Thanksgiving as a holiday has always fascinated me because as a British person, it’s alien to me. I’ll admit that the first time I ever heard of Thanksgiving was when watching the many Friends episodes which centre around the holiday. Clearly an important American tradition. So this young Brit, with an American boyfriend, just had to take the opportunity to experience this part of their culture and eat a feast the Pilgrims and Native Americans would have been proud of.
1621. Plymouth (the North American one, obviously). Pilgrims and Native Americans. Feuds and the greediness of humankind until finally, they realised the advantages the other could bring and had a feast lasting three days after the harvest. The Wampanoag tribe taught the Pilgrims to catch eel and grow corn and the Pilgrims… what did they do? Let them instead of killed them? I’m a bit cynical over the genuine feelings behind it, whether it was really ever equal. But they both benefited from the situation and that’s better than fighting, therefore something to be thankful for.
Back to 2013, the set up was impressive. A huge turkey, piles of mash potatoes (I was on peeling duty and being watched like a hawk by Alan’s grandmother), stuffing and more pies, cakes and cookies I think I’ve ever seen in one place. Everyone was packed around the table shoulder to shoulder – the kind of messy, bustling family vibe I’m very fond of, as mine is so dynamic itself. People ate, talked, were in giggly hysterics with half not knowing what was going on, went up for seconds, ate some more before accepting defeat.
The mood became more relaxed, and after a walk through the woods with some of the party in some fetching, silly hats we all sank into the sofas with a drink (I tried eggnog for the first time – like an alcoholic milkshake, i.e. thumbs up). We carried on talking until people peeled off to go and rest their heavy heads and bellies.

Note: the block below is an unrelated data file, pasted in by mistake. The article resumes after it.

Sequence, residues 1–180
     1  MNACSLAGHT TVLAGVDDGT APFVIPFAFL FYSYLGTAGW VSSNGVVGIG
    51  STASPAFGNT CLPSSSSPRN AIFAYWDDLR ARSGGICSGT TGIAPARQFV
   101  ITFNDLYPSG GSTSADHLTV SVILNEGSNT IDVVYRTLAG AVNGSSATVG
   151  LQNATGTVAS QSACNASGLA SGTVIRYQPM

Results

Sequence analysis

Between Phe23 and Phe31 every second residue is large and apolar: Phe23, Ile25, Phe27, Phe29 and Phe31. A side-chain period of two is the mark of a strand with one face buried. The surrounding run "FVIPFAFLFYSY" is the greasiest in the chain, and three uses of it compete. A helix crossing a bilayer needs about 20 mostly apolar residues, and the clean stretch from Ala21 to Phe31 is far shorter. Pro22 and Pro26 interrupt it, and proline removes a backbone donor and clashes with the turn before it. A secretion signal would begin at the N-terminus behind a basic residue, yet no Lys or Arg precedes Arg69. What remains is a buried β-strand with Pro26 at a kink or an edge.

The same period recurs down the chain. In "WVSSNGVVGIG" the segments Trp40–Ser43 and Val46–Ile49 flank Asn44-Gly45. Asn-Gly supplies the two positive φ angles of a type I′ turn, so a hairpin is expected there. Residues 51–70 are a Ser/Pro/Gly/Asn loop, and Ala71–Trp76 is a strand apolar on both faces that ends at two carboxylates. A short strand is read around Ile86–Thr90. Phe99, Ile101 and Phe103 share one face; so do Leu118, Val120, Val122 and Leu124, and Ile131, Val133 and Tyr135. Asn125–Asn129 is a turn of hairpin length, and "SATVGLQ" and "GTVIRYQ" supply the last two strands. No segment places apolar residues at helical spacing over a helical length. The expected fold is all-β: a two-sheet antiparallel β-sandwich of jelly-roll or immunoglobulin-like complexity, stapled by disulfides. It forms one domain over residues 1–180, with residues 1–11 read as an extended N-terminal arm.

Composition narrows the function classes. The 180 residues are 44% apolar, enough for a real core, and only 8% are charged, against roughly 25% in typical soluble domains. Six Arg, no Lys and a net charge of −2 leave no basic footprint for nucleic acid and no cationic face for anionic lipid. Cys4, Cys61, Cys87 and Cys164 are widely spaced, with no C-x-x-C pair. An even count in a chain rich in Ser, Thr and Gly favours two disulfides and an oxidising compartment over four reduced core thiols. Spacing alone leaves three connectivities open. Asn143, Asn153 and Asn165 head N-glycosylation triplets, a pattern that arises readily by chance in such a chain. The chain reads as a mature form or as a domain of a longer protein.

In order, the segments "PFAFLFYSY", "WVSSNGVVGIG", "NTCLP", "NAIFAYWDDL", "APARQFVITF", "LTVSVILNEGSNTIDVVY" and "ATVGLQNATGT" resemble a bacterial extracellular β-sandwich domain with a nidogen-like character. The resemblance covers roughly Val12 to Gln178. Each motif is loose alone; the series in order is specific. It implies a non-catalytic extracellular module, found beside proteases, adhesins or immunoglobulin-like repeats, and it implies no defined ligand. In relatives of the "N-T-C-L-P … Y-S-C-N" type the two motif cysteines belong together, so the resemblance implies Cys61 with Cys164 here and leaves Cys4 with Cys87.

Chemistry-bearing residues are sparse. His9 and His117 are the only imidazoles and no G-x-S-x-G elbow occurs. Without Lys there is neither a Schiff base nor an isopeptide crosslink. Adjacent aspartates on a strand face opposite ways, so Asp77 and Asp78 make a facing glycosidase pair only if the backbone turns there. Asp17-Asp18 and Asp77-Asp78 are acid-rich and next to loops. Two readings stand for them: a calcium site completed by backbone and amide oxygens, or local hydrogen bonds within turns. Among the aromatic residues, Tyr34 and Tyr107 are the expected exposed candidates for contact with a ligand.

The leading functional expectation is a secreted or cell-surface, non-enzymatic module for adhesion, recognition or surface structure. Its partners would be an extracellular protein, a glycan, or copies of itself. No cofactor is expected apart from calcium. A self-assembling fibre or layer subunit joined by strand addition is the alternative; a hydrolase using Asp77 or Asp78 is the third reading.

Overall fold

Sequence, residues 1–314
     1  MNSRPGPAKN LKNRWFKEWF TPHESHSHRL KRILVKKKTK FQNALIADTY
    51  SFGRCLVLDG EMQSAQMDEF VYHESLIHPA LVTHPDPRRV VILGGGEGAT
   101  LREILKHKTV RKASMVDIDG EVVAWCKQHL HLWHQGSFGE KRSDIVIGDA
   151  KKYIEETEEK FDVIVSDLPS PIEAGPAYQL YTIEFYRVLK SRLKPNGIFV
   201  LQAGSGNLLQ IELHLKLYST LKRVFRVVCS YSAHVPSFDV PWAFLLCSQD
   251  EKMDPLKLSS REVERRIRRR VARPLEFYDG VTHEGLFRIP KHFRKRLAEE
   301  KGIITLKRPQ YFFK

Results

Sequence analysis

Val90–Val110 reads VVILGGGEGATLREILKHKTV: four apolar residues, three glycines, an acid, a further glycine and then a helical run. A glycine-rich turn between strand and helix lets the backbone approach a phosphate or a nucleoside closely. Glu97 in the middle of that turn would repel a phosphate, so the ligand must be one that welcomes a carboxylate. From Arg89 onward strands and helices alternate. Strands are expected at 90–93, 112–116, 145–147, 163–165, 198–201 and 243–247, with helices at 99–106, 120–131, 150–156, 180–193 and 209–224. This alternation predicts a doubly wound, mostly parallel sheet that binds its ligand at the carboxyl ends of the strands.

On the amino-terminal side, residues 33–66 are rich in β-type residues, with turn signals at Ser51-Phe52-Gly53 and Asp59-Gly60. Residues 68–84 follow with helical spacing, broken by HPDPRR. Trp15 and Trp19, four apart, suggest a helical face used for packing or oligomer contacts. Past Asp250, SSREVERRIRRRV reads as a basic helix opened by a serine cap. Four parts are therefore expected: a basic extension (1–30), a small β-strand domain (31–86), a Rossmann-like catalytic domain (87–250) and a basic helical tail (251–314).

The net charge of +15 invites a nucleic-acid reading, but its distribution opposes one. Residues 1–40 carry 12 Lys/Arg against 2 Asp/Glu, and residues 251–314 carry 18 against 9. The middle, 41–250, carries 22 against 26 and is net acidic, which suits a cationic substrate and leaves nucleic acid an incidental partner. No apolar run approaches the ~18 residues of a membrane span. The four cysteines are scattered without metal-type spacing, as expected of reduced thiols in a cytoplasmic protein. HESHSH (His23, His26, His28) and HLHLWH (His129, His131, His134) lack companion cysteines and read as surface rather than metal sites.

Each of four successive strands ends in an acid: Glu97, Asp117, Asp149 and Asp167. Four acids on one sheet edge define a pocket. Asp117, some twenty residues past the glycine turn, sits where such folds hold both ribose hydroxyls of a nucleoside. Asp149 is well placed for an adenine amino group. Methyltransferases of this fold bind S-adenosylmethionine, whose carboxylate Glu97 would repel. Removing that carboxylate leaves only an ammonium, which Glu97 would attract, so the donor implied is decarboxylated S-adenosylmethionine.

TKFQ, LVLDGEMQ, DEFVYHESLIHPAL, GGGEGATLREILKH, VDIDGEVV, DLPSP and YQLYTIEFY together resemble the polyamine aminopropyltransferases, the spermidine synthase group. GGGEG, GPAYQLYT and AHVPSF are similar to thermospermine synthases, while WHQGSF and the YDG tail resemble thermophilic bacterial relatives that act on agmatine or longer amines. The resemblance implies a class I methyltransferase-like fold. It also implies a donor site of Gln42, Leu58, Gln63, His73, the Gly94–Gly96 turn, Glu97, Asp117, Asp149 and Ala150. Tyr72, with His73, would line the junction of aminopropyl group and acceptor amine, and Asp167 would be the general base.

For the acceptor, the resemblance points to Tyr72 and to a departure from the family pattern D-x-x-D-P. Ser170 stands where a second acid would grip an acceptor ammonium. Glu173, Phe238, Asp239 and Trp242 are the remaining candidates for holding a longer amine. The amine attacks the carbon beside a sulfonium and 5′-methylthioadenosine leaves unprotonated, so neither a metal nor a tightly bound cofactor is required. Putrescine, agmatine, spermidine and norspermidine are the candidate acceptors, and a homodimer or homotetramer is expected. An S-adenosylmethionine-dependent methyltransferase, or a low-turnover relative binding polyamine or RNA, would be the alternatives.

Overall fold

Leading up to it, I wondered what Thanksgiving was like: was it an excuse to have Christmas dinner a month earlier? From my experience, it was similar to Christmas in that you stuffed your face until you were in your own delirious food coma world and chatted and laughed with family.
I may have been with someone else’s family, but they welcomed me with open arms, a trait I’ve found reasonably consistent amongst the Americans I’ve met. As a general rule, they’re more… openly open. The British are open (and I dislike when people say they’re not), but go about it in a more shy/modest way, as if they don’t want to be too intrusive.
The difference with Christmas is the anticipation of the festive season. With Christmas comes commercialism, and I have yet to experience to what extent America is more so commercialised than Britain, but this is something that disappoints my boyfriend about Christmas. And he’s right – I completely understand and agree that you’d want a holiday to be solely about family, friends and food, rather than what gifts to get people and the stress of that beforehand.
But then that Christmas festive feeling – taking the commercialised SELL SELL SELL aspect out of it – is something I have always been a sucker for. The idea that everyone can be happy and excited, acting like children at the same time around the world is beautifully unifying. Any stress is all worth it in the end.
I’m told there isn’t a ‘Thanksgiving spirit’ the way there’s a ‘Christmas spirit’. I, myself, didn’t feel any Thanksgiving spirit, but that was partly because I was nervous to be spending an important holiday with another family (I needn’t have worried). The spirit essentially was being around the family, everyone bringing food to share as well as their company. Alan says Thanksgiving takes the best parts of Christmas, it hasn’t got the stress or the distractions away from the true meaning.
So I guess this is what Thanksgiving is. It unites America, and that is a wonderful thing. There may not be the fairy lights, trees and culture around mulled wine, markets, Santa and snow which builds the excitement over the month of Christmas (although it does have little Pilgrim/Natives figurines and toy turkeys here and there). But Thanksgiving goes right to the core of what a holiday should be about. Family, friends, appreciation… and a ton of food, obviously.
Your Thanksgiving looks so lovely! In a semi opposite way, living in England with my fiancé, I whipped up a Thanksgiving for everyone here to join in on. I’m not sure the UK is ready for pumpkin pie quite yet! X
Thank you! It was such a fun, new experience. Aw that’s so sweet of you to do – I like that you kept it going over here. Haha why not?! Pumpkin pie is awesome! x
Looks so good! I’ve just wrote a blog on the Christmas Season, have a look and see if you agree! Thanks.